After completing our 3 1/2-year cycle of readings in the Torah, we’ve decided to continue with the historical books that follow, beginning with Joshua. We’ll read first about the conquest of the Canaanite tribes, then examine the disappointing time of the Judges – punctuated by the exploits of Gideon and Samson – and the turmoil that led up to the anointing of Saul as King.
Joshua failed to completely conquer the Canaanites. How much of our spiritual inheritance still remains unclaimed?
Notes on Joshua 13:1-33
This concludes Joshua’s conquest of the Promised Land. But why repeat all this here? Because it shows us both the enemies that had to be overcome while at the same time giving us a view of the spiritual resting place God has provided.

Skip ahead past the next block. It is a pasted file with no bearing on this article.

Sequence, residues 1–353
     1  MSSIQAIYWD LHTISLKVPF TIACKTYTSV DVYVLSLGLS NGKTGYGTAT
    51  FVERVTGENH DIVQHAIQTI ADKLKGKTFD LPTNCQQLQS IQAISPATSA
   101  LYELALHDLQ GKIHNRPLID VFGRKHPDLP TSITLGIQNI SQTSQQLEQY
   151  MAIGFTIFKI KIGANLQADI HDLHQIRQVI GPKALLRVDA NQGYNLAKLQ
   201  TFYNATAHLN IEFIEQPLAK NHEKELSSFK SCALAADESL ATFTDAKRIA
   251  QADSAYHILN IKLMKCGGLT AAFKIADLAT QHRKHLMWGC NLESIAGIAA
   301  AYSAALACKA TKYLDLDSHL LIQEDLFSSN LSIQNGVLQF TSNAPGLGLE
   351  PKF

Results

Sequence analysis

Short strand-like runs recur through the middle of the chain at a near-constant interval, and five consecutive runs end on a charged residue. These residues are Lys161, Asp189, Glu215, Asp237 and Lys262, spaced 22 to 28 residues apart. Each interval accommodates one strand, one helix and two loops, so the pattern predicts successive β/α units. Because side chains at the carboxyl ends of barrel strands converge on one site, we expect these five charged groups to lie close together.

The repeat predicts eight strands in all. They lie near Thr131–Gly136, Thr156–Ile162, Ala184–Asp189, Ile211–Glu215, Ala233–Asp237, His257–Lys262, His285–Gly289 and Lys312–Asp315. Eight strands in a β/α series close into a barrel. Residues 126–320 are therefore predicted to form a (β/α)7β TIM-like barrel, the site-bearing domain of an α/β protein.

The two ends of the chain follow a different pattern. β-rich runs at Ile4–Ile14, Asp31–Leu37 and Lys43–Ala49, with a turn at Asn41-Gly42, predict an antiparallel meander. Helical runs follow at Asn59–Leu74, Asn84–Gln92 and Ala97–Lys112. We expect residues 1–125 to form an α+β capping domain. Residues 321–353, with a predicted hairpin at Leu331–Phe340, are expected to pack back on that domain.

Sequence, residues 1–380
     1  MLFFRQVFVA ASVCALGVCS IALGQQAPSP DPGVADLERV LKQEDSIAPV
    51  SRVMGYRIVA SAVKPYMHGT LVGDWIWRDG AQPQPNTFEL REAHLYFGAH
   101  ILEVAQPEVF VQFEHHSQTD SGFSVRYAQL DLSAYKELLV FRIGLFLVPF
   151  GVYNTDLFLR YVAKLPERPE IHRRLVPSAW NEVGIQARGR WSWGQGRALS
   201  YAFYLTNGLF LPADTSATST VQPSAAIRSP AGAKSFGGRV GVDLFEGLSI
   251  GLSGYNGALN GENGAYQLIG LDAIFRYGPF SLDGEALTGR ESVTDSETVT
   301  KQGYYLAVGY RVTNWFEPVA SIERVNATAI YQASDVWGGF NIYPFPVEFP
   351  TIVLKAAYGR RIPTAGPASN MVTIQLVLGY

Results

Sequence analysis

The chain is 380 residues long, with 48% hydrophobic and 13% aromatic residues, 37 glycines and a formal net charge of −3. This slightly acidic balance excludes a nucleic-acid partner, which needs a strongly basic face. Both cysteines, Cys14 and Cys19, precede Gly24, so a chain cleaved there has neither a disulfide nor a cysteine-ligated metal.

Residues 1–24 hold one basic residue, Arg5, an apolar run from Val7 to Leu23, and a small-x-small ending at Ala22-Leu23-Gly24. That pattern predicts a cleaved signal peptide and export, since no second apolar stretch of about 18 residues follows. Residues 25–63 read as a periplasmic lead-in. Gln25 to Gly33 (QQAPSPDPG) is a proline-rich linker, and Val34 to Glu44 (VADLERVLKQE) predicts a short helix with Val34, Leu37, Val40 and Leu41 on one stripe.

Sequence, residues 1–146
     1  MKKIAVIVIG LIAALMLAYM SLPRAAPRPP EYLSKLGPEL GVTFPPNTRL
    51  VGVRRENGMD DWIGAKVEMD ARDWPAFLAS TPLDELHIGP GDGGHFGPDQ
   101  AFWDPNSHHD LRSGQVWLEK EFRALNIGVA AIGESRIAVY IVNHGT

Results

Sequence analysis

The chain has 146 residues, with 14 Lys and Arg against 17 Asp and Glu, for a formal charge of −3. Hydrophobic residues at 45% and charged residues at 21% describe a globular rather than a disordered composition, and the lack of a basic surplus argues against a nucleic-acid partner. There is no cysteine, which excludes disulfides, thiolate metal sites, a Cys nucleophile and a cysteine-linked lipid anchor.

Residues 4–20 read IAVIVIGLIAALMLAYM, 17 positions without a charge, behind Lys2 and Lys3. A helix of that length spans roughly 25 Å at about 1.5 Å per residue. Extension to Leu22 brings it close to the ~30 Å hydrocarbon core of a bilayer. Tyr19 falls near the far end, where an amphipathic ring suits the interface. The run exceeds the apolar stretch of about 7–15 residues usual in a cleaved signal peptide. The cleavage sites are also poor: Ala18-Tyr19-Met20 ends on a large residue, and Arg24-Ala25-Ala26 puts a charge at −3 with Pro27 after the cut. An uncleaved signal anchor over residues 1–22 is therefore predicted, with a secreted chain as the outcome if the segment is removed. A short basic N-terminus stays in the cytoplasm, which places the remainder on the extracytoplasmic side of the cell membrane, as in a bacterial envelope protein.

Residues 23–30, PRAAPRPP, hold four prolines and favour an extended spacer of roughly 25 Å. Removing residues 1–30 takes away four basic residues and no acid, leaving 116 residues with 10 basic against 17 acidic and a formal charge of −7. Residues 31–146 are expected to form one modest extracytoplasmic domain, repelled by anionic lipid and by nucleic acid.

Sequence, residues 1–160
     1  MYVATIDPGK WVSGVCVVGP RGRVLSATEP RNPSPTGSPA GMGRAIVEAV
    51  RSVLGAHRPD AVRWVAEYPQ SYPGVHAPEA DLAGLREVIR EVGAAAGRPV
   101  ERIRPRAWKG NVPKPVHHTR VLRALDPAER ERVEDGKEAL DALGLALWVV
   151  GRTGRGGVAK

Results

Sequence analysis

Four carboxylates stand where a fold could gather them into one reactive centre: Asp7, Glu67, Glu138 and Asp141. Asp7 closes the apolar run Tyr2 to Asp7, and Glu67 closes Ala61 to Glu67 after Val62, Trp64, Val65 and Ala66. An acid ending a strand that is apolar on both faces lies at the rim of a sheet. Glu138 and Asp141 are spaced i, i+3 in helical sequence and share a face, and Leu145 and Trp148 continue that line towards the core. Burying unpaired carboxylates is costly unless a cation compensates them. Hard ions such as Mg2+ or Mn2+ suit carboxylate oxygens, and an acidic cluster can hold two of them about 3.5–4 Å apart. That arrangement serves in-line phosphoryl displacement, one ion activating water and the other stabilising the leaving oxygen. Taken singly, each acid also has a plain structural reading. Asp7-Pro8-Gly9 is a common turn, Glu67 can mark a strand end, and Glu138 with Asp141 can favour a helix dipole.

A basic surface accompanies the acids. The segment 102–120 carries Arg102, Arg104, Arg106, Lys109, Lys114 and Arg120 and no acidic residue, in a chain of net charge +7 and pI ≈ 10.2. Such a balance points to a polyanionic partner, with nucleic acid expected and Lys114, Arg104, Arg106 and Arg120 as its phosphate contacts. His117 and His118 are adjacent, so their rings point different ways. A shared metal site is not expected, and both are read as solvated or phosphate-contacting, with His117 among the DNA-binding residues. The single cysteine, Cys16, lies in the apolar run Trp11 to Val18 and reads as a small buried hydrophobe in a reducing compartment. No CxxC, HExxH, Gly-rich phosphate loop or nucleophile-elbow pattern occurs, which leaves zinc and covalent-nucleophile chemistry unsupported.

Notes on Joshua 12:1-24
The ministry of Jesus and His disciples covers much of the territory discussed in Joshua’s military campaigns. Jesus, like Joshua, also overthrew “kings,” but they were spiritual “principalities and powers” resisting the kingdom of God. Also, was the conquest of the Promised Land a genocide?
Notes on Joshua 11:1-23
When the five Amorite kings converge to punish the Gibeonites, Joshua takes a bold step of faith and the sun and moon stand still during the battle.
Notes on Joshua 10
The Gibeonites want to defect from the Canaanite alliance and join with Israel, but to do that, they first have to fool Joshua.
Notes on Joshua 9:1-27